A few months ago, a woman from South Carolina contacted me who was very enthusiastic about the way her church was using new technology. After a few conversations, we decided these efforts would make a good feature story topic for our readers.
In correspondent Elizabeth Morrisey’s article, she shares how some churches and ministries are using Facebook and Twitter. What I found most interesting, however, was the portion of the article that described the live webcast efforts of NewSpring Church in Greenville, S.C. and how a ministry team huddles around computers during the service to chat and interact with their web congregation.
NewSpring refers to their webcast as a web campus. While there are portions of a webcast that fall short of the value of face-to-face and personal relationships, there are many aspects that are more appealing than a conventional church service. I thought about the many times I would like the pastor on stage to clarify a point he just made or all of those times you wanted to ask for prayer but didn’t want to draw attention to yourself by approaching the front of the church during an invitation.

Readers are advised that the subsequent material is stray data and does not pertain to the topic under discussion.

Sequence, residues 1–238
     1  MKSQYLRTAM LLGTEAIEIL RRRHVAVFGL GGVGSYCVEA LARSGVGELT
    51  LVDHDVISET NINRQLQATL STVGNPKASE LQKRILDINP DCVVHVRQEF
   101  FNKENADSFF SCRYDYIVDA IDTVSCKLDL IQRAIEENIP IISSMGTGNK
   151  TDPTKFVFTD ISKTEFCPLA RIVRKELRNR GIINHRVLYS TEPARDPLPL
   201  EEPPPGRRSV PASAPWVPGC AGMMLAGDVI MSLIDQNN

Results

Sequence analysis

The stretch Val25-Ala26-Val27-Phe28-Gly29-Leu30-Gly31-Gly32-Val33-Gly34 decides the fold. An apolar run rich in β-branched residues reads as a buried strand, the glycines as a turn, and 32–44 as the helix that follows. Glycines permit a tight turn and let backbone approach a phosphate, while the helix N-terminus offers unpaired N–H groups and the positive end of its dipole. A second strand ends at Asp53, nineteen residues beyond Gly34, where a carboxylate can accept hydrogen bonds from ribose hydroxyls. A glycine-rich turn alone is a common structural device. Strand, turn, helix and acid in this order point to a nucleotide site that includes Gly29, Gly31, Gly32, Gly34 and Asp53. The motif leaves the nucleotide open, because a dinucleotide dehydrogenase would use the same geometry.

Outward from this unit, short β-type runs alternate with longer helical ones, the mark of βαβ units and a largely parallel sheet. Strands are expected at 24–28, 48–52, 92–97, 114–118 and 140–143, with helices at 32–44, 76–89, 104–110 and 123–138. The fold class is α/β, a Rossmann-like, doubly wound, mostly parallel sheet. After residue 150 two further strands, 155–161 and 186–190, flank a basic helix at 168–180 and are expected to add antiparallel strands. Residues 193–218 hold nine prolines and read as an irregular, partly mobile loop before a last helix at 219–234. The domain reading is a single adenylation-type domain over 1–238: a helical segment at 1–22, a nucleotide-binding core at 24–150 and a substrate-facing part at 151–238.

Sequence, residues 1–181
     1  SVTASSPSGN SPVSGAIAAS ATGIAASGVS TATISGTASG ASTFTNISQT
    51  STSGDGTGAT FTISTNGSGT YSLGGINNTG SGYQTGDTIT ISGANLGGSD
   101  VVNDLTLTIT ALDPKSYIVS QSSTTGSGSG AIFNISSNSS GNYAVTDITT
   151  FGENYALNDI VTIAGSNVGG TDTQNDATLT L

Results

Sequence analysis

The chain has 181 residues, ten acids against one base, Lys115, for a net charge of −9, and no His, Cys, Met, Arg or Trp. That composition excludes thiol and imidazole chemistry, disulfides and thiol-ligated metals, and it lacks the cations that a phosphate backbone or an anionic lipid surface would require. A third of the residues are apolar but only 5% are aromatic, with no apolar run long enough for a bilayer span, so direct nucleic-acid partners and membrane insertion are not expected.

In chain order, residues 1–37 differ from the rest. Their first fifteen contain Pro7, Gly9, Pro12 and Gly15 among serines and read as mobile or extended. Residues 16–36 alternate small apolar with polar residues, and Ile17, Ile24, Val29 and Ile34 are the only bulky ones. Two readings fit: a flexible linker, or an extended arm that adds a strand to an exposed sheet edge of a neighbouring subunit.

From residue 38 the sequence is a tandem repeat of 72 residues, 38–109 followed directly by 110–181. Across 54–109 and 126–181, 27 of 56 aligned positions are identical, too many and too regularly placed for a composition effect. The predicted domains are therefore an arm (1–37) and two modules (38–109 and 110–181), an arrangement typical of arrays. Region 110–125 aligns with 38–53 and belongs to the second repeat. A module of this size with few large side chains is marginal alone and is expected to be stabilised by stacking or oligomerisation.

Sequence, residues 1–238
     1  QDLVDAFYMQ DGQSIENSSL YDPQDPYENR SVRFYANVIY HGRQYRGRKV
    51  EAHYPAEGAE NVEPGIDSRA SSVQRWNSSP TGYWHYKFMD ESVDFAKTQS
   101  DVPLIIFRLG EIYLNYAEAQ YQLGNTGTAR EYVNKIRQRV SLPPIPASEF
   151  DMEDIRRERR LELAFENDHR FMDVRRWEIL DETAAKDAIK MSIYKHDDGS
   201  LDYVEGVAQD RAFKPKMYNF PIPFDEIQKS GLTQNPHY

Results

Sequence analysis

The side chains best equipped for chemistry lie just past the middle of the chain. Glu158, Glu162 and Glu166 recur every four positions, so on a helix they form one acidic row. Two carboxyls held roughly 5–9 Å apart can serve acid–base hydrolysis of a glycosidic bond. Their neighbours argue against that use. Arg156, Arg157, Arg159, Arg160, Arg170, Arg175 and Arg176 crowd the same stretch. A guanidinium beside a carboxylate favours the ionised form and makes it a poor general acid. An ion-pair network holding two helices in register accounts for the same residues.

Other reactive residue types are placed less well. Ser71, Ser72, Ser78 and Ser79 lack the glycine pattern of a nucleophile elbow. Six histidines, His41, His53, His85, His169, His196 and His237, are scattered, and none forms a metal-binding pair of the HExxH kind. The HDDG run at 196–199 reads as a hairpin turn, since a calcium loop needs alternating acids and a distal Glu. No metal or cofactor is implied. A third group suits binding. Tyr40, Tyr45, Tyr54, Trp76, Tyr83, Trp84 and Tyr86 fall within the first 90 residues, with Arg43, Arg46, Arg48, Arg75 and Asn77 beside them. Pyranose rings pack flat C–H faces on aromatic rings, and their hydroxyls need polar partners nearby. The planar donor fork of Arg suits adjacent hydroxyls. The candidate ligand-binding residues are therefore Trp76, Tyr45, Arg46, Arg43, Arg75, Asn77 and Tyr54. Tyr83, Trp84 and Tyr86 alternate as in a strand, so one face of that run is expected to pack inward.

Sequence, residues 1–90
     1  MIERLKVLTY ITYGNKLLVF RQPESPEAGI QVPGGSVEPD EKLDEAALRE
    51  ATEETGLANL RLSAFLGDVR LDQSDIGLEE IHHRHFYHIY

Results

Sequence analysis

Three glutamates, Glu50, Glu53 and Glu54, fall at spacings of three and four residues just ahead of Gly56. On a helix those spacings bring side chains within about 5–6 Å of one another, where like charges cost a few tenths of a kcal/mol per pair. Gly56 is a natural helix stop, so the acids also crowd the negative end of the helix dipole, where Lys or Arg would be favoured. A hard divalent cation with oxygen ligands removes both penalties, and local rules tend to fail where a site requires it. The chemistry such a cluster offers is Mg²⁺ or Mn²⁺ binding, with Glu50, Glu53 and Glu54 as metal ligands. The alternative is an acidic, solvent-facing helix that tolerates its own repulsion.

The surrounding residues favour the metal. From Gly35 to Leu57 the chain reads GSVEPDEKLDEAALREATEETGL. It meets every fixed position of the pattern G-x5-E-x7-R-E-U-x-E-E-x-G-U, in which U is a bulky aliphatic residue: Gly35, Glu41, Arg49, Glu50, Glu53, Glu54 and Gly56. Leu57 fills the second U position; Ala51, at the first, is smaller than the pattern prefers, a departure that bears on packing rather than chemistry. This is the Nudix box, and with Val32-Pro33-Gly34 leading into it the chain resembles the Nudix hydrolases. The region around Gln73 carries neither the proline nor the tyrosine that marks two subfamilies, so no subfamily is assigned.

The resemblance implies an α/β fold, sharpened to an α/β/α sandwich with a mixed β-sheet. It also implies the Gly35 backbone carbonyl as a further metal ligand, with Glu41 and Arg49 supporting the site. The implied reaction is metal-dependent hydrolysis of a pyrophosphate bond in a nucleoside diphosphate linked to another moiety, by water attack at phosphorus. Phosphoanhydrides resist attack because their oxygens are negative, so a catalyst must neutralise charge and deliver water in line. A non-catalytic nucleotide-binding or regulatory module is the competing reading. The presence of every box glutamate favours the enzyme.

Social media has its critics but before anyone criticizes it they should explore its full potential first. Yesterday, three of my Facebook friends shared on their pages that they had lost friends or family members over the weekend. Without Facebook, I would have never known about what they were going through and it gave me an opportunity to share my condolensces and pray for them. I also have a few Facebook friends and some Twitter users whom I follow who are great at spreading daily encouragement to others.
In short, these tools provide the church an opportunity to expand its reach by going where people are. If we interact more with people as the church, ministry opportunities follow.